By Long Xingchun
Some in India have hyped-up the idea that after the US and its allies leave Afghanistan, a "new Quad" between China, Russia, Iran and Pakistan may be formed in the future.
For example, Indian defense expert Rajeev Agarwal recently said, "Surrounded by a hostile Pakistan, a belligerent China and yet unsure Iran, India has to remain vigilant to the developing situation." He mentioned that despite Russia's "old and traditional ties with India," Moscow was not on board to include India in Afghan peace talks twice this year.
India is worried about the "new Quad" because it is worried about Afghanistan's future situation after the withdrawal of US and its allies.
After US' withdrawal, Afghanistan's neighboring countries may have to play a leading role in the country's peace and stability. Thus, it is obviously necessary and positive for China, Russia, Iran and Pakistan - the most important four neighbors of Afghanistan - to strengthen coordination on the Afghan issue. Their enhanced coordination can help prevent Afghanistan from being further divided and dominated by some Western major countries.
China, Russia, Iran and Pakistan have some common interests on regional issues. But the four countries will not develop into a so-called new Quad. China advocates a non-aligned diplomacy and the four countries' cooperation are far from forming a security group.
India's anxiety mirrors its concerns over the consequence of its engagement with the US, Australia and Japan in Quad. As the bloc targets China, some of its aggressive moves will be counterattacked by Beijing. New Delhi's cooperation with Washington also dissatisfies its traditional partner - Moscow. India is confronted with Pakistan as well. Furthermore, even though New Delhi does not have any apparent issues of friction with Tehran, it has coordinated the US in the latter's sanctions on Iran.
It is widely believed that the Quad's imaginary enemy is China. Despite certain development, there are inherent points of divergence among Washington, Tokyo, New Delhi and Canberra. ASEAN, a vital player in Asia, also has concerns about the Quad. This somewhat prevents Japan and India from completely supporting the Quad to become a militarized group. If the Quad becomes an exclusive military alliance with the role to divide Asia, ASEAN will firmly object to it and India will run into isolation in Asia.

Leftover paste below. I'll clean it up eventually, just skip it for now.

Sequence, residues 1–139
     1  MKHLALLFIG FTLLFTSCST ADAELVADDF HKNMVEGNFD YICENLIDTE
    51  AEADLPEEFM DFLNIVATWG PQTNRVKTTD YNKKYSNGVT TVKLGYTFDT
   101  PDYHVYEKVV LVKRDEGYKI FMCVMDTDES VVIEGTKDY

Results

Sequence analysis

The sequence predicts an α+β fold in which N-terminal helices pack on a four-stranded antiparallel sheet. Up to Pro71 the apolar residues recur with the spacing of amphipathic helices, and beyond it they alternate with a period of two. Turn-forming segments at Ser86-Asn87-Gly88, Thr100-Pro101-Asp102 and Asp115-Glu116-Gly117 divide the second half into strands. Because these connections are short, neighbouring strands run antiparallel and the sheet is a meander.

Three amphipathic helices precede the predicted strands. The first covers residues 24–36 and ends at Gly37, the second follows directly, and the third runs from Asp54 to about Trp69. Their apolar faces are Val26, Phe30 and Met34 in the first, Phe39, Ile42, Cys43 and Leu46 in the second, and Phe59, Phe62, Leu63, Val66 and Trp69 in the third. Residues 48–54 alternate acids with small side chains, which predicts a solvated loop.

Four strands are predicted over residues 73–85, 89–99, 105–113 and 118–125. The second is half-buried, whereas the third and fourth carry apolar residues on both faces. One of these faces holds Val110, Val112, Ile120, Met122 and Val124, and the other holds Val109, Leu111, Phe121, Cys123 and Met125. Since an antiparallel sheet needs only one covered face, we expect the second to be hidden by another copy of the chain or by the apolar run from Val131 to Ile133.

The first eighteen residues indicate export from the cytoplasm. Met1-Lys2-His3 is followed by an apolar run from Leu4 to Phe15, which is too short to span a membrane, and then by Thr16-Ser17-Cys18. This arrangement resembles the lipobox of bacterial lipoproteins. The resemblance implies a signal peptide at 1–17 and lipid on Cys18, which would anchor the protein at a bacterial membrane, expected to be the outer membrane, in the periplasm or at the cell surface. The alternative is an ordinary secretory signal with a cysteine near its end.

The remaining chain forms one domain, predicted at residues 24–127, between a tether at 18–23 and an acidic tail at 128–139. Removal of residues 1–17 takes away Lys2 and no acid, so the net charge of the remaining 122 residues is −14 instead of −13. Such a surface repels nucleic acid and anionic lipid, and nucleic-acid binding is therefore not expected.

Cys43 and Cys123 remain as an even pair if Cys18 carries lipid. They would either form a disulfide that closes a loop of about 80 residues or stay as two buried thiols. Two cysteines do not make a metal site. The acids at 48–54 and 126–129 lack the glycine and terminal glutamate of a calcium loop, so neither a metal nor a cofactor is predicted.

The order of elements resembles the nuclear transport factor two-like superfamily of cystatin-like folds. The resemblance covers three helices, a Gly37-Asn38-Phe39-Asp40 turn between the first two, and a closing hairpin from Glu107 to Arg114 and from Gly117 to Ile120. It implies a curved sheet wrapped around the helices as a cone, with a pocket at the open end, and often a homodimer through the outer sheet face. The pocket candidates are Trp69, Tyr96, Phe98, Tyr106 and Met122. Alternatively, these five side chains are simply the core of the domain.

China and Russia share similar stances on the Afghan issue where they have common interests. Both hope for peace and stability in Afghanistan. Neither of them will interfere in the country's internal affairs. They also hope the Taliban will fulfill their promises so that Afghanistan does not become a hotbed for terrorism.
China and Russia have formed a partnership rather than an alliance. The two countries are strengthening communication and coordination on many specific issues. For example, the UN Security Council on Monday adopted a resolution about the Afghan issue, and both China and Russia abstained. Obviously, the two countries had coordinated in advance. The approach of "forming partnership rather than alliance" between Beijing and Moscow is in the interests of both sides. It will also prevent the global community from falling into another Cold War or a confrontation between blocs again. Therefore, there is no need to form the so-called new Quad to confront the US. In fact, coordination between China and Russia is already capable of dealing with challenges from the US in many ways.
China and Russia are cooperating on the Afghan issue, but the two countries are not aiming at establishing a new Quad mechanism to counterbalance the existing Quad formed by the US, Japan, India, and Australia.
India's concern about the new Quad actually reflects one fact: New Delhi itself is aware that the Quad will undermine the peace and stability in Asia. It has realized that its approach is not constructive, and thus, it is now scared of possible countermeasures in the future. But in fact, Beijing and Moscow have no intention whatsoever to plunge the world into a new cold war, or to create a confrontation between two camps. Given today's international situation and the diplomatic strategies of both China and Russia, it is unlikely that these two countries will go this far.
The author is a senior research fellow with the Academy of Regional and Global Governance at the Beijing Foreign Studies University and president of the Chengdu Institute of World Affairs.